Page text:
One of the many reasons I love Irish lit is that its signature fusion of comedy and tragedy is something I find so shockingly, painfully honest. I love reading something that has me laughing out loud on one page, and has me covering my mouth in horror on the next. Mastering that tonal shift is a fine line to walk, but Marina Carr manages it with aplomb here.

By the Bog of Cats is a play about a traveller woman called Hester, who feels a deep connection with the bog she lives on, but who’s being forced to leave because her former partner is now marrying a younger woman and the two of them forced Hester to sign over the rights to her property. Throughout the course of the play we see Hester defend her relationship to the land, while she’s also tormented by memories of the mother who abandoned her.

Though there are more than a fair share of comedic moments, the heart of By the Bog of Cats is pitch-black, and the conclusion is absolutely harrowing. It’s also a deliberate nod to Greek tragedy, and I am nothing if not predictable. I absolutely loved this. I read it in an hour this weekend, but I’d love to see it performed live one day. Until then, I can only recommend the script very highly to those who love stories which are in turns shocking, disturbing, and darkly funny.

book (play script) review: The Lonesome West by Martin McDonagh

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THE LONESOME WEST by Martin McDonagh
★★★★☆
originally published in 1997

The Lonesome West is the conclusion to McDonagh’s Leenane trilogy – three unrelated plays all set in the same Irish village. I’ve actually yet to read The Beauty Queen of Leenane, but I much preferred this to A Skull in Connemara. It’s about two brothers living alone after their father’s death, getting into arguments about mundane things that often escalate to physical violence.

Reading this play was a very quintessentially McDonagh experience: tension is high, but broken by dark, irreverent humor, and characters are all pretty much terrible people, and it should be irrevocably bleak for that, but there’s an undeniable quality of tenderness. As always, McDonagh doesn’t offer redemption or resolution. His stories are never about villains becoming heroes. But there’s still a glimpse of hope, that maybe people can change – certainly not in the course of a two-hour long play, but maybe eventually.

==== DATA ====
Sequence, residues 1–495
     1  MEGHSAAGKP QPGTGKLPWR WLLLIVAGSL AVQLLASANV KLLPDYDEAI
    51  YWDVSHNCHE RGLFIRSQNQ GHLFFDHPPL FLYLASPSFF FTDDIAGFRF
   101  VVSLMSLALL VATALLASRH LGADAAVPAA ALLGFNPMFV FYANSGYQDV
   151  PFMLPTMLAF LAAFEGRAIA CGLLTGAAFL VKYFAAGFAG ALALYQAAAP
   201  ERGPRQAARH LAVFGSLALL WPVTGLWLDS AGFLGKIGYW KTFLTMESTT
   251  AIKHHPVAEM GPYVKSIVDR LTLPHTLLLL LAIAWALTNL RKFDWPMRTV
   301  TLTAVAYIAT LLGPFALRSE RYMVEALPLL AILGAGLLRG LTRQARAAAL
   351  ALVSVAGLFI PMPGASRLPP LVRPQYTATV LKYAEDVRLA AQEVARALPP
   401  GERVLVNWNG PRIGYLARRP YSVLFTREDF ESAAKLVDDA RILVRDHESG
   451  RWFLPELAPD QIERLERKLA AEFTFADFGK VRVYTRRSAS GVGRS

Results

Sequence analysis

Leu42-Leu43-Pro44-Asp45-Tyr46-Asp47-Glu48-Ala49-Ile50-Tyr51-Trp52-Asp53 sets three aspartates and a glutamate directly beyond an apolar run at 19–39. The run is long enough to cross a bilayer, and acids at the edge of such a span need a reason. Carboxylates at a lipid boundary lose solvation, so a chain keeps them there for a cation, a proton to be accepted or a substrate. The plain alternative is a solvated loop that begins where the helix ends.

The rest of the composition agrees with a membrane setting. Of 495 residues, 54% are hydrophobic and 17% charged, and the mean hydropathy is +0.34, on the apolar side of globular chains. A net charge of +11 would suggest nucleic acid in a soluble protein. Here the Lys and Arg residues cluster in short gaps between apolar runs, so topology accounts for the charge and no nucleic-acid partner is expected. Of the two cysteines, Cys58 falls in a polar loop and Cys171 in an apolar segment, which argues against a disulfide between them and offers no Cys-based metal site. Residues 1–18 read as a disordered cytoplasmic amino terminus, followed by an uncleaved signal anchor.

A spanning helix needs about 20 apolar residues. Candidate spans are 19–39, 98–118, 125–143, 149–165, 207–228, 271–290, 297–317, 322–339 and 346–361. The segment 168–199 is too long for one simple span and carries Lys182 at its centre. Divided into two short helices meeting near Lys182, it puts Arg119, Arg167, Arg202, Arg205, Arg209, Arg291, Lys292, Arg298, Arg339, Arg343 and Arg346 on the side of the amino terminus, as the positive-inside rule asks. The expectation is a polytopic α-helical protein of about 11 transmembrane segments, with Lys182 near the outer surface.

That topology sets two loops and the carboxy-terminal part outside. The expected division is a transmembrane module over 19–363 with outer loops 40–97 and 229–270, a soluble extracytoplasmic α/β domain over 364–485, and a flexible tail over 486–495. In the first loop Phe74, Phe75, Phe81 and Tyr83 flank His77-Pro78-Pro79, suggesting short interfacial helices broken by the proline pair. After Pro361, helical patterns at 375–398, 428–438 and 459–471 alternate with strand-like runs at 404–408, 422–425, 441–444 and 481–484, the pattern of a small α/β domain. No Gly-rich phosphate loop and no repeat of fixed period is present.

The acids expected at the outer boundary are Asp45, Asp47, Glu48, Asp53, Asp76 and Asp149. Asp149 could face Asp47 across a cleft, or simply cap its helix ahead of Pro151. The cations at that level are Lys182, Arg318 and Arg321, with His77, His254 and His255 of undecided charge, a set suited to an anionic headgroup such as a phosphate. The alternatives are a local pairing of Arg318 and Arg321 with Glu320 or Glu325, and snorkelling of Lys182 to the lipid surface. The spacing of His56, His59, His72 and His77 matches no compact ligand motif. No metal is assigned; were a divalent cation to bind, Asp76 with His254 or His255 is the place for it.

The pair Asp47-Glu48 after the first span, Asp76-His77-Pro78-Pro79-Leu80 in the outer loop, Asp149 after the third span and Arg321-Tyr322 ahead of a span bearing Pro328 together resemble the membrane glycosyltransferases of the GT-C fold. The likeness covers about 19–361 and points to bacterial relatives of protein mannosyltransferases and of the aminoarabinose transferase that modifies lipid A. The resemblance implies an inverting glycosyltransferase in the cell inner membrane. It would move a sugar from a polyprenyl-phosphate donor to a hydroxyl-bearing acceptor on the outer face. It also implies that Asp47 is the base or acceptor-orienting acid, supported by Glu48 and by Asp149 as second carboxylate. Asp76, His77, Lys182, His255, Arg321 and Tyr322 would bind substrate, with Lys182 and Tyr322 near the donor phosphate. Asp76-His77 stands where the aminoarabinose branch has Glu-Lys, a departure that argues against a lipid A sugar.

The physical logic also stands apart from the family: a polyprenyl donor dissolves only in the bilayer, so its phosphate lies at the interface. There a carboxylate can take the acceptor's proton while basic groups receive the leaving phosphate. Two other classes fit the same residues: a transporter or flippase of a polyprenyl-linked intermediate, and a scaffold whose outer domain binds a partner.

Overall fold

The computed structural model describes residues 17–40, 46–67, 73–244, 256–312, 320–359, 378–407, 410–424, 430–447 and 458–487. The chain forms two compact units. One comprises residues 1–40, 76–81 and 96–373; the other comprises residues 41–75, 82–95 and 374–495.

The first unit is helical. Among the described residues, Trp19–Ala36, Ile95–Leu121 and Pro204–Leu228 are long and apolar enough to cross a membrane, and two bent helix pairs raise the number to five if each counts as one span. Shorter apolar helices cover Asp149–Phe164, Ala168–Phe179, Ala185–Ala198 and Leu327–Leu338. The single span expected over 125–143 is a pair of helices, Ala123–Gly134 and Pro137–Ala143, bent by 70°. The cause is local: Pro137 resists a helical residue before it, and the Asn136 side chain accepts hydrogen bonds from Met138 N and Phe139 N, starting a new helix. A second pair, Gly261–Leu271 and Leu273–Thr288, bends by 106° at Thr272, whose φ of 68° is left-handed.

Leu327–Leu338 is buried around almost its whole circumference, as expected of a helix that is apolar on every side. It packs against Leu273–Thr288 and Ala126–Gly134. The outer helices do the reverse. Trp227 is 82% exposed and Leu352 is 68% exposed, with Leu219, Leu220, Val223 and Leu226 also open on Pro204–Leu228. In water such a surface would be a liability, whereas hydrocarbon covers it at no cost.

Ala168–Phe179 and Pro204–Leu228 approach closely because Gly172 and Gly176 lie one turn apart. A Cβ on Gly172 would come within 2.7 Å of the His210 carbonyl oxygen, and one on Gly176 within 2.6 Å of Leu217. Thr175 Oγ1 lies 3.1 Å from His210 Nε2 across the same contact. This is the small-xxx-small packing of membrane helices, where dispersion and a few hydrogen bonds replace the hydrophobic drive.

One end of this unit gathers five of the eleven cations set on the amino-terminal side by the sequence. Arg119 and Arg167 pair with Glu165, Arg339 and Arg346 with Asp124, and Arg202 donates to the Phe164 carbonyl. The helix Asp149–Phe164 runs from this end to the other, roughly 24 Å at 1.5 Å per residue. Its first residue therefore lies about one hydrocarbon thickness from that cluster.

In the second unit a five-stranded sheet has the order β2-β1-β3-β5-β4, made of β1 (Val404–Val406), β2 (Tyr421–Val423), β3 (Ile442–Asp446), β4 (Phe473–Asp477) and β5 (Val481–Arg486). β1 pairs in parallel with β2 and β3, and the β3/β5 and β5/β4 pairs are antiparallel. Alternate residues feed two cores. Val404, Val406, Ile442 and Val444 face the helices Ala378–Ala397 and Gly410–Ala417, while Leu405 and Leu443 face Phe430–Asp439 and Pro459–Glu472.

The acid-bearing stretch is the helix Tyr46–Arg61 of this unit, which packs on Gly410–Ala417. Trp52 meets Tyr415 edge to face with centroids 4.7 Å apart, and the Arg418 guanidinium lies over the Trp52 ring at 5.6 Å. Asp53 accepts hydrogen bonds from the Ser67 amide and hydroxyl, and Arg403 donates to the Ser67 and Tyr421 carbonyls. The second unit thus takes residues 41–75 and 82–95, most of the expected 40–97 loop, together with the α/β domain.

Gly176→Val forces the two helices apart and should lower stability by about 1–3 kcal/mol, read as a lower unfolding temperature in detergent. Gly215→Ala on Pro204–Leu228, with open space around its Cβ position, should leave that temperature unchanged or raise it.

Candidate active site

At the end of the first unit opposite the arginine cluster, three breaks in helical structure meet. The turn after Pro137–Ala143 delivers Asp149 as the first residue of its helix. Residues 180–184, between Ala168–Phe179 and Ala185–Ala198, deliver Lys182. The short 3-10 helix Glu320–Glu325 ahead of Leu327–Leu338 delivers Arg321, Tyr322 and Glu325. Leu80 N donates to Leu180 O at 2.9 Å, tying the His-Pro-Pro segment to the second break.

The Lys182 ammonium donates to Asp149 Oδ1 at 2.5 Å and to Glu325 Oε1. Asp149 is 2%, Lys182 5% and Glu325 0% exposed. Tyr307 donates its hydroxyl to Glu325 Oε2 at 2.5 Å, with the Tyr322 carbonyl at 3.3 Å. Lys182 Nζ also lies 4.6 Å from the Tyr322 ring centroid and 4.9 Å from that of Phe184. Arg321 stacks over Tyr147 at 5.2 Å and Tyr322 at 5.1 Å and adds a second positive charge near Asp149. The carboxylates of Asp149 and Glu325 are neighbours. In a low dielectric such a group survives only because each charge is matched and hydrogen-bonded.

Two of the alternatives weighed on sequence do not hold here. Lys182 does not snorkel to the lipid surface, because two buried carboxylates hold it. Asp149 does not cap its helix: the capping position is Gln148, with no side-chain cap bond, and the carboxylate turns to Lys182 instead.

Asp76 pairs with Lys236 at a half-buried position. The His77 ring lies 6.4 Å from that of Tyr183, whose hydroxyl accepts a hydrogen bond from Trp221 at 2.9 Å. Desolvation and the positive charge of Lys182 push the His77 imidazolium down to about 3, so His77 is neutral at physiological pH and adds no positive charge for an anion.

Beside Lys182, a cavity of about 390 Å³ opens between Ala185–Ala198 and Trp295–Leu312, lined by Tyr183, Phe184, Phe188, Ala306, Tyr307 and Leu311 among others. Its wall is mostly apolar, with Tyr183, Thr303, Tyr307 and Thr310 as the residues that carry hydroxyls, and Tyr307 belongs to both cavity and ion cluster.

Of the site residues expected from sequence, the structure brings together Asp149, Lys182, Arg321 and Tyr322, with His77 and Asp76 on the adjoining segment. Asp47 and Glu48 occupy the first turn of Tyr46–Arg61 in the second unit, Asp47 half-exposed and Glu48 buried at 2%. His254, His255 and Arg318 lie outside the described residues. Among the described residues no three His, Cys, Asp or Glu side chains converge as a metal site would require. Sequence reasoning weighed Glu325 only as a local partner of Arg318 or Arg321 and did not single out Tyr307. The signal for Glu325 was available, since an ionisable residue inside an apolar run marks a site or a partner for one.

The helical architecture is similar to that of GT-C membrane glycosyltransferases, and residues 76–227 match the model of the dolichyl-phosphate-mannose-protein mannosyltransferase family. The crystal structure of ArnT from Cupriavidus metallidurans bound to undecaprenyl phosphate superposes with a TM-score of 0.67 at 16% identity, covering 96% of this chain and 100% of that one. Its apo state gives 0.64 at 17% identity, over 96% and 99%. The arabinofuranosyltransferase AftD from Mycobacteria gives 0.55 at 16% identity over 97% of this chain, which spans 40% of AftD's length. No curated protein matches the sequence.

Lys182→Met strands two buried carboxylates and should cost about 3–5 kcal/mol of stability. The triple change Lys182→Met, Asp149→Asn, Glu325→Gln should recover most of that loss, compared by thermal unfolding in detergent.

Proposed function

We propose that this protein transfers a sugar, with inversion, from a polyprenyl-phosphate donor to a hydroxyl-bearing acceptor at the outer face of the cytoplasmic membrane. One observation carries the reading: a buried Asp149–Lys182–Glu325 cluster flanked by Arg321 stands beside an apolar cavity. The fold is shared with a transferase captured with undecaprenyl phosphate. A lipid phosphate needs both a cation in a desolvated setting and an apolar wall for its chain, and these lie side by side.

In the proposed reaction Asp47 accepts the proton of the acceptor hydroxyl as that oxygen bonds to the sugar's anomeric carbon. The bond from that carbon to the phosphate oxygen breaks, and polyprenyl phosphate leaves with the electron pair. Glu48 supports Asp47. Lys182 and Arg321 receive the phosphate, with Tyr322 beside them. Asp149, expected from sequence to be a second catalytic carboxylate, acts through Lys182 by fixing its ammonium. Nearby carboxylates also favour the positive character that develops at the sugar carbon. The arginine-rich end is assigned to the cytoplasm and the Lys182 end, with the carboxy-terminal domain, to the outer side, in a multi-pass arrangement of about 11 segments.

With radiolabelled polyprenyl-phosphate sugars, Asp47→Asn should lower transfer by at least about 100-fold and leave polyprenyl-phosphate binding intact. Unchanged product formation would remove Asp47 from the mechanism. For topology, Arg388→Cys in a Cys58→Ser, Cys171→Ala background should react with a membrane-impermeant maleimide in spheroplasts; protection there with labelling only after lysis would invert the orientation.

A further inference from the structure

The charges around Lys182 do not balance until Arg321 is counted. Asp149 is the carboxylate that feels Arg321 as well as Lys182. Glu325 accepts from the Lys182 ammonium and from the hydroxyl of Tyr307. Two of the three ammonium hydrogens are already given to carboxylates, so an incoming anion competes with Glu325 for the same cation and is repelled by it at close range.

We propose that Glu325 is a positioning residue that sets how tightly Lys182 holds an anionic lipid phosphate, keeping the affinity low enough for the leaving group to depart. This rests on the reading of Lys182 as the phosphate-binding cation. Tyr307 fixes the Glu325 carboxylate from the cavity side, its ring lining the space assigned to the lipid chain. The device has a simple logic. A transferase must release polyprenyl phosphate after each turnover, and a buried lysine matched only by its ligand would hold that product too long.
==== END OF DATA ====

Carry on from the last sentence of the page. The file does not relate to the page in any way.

The dialogue in The Lonesome West was as witty and biting as ever, but there was also such an openness and honesty to it that I found refreshing. This exchange in particular struck me as rather beautiful in its simplicity, and as always I love McDonagh’s use of dialect. Seeing his plays performed live is obviously the ideal, but reading them still feels like a sensory experience.

WELSH. We should be scared of their ghosts so but we’re not scared. Why’s that?
GIRLEEN. […] The opposite of that, I do likecemeteries at night.
WELSH. Why, now? Because you’re a morbid oul tough?
GIRLEEN. (Embarrassed throughout.) Not at all. I’m not a tough. It’s because… even if you’re sad or something, or lonely or something, you’re still better off than them lost in the ground or in the lake, because… at least you’ve got the chance of being happy, and even if it’s a real little chance, it’s more than them dead ones have. And it’s not that you’re saying ‘Hah, I’m better than ye,’ no, because in the long run it might end up that you have a worse life than ever they had and you’d’ve been better off as dead as them, there and then. But at least when you’re still here there’s the possibility of happiness, and it’s like them dead ones know that, and they’re happy for you to have it. They say ‘Good luck to ya.’ (Quietly.) Is the way I see it anyways.

book (play script) review: A Skull in Connemara by Martin McDonagh

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A SKULL IN CONNEMARA by Martin McDonagh
★★★☆☆
Heinemann, 1997

 

A Skull in Connemara is playwright-director Martin McDonagh’s second play in his Leenane trilogy – three unrelated plays set in the same Irish village. It follows Mick Dowd, who each year disinters bones from the local cemetery to make way for new arrivals. When he’s forced to dig up the remains of his late wife, questions arise about his possible involvement in her death.

What I enjoyed about A Skull in Connemara is exactly what I enjoy about all of McDonagh’s plays: morally corrupt characters, the banality of small-town life highlighted with humor and irony, morbid humor, razor sharp dialogue. I mean:

MAIRTIN: What kind of questions, Mary beag?
MARY: Questions about where did he put our Padraig when he dug him up is the kind of question, and where did he put our Bridgit when he dug her up is the kind of question, and where did he put my poor ma and da when he dug them up is the biggest question!
MAIRTIN: Where did you put all Mary’s relations, Mick, then, now? The oul bones and the whatnot.

That’s pretty great.

Anyway, this isn’t one of McDonagh’s stronger stories. His characters aren’t as well-developed as usual – the relationships between them and their motivations remain hazy, and the result is that I’m just not as invested as I’d like to be. In typical McDonagh fashion, his characters are all distinct and wacky, but none here are as memorable as Katurian from The Pillowman or Padriac from The Lieutenant of Inishmore.

Maybe the right cast and the right production could breathe some life into this. I enjoyed reading it well enough, it was an entertaining enough way to spend an hour, and the final scene was definitely thought-provoking, but there was a certain lack of gravitas that McDonagh usually is able to incorporate into his black comedies. The biggest problem here is that the stakes in this play are low and they feel low, and I know McDonagh can do better.